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FOR IMMEDIATE RELEASE:
Contact: Simone Netherlands, SRWHMG, 928-925-7212
Rally & Press Conference Thursday: Wild Horse Advocates Call For Humane Wild Horse and Burro Management at Regional AZ BLM Meeting
Salt River Wild Horse Management Group to Decry Recommendation for Mass Killing of 45,000 Captured Mustangs
Phoenix, AZ (September 13, 2016).… The Salt River Wild Horse Management Group (SRWHMG) will hold a rally and press conference on Thursday, September 15th at a meeting of a Bureau of Land Management regional advisory board for Arizona, to call for humane and sustainable wild horse and burro management. The group will decry a recommendation by a national BLM advisory board to kill up to 45,000 captured wild horses and call for reform of the BLM Wild Horse and Burro Program, which they say is “spiraling” out of control.
What: Press Conference and rally ( right before the public comment period at BLM Arizona Resource Advisory Council (RAC) Meeting
Where: In front of the BLM office at One North Central, Phoenix, AZ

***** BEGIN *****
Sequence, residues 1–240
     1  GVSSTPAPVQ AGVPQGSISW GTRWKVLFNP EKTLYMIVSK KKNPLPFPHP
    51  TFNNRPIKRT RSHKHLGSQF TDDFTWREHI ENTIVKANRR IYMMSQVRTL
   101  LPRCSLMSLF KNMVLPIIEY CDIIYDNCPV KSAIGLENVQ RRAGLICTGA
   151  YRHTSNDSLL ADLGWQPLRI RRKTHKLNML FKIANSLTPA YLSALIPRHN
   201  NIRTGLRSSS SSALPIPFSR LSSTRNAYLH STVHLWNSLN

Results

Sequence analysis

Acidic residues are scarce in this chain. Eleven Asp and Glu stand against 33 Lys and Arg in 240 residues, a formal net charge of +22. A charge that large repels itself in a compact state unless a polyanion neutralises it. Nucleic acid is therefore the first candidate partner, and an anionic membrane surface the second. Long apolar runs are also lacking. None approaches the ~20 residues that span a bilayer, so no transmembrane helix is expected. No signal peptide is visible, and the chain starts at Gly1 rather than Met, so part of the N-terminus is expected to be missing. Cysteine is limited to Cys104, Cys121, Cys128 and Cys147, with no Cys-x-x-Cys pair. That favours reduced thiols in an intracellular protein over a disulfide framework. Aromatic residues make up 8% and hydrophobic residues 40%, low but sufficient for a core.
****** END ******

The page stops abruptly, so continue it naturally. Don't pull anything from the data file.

When: September 15th from 12:30 pm – 2:00 pm
Who: Simone Netherlands, President of the Salt River Wild Horse Management Group
and Amanda Marsh, widow of Eric Marsh superintendent of the Granite Mountain Hotshots
The RAC meeting will take place on Wednesday Sept 14th and Thursday Sept 15th, with a public comment period following the press conference and rally at 2:30 pm on Thursday. The SRWHMG will be attending the entire meeting, and representatives of the group and the national American Wild Horse Preservation Campaign will speak during the public comment period. They will also present a petition signed by over 6,000 citizens calling for humane burro management in Arizona.
The recommendation to kill up to 45,000 wild horses and burros confined to BLM holding facilities following their roundup and removal from the range was made on Friday September 9, 2016 at a meeting of the national Wild Horse and Burro Advisory Board in Elko, Nevada.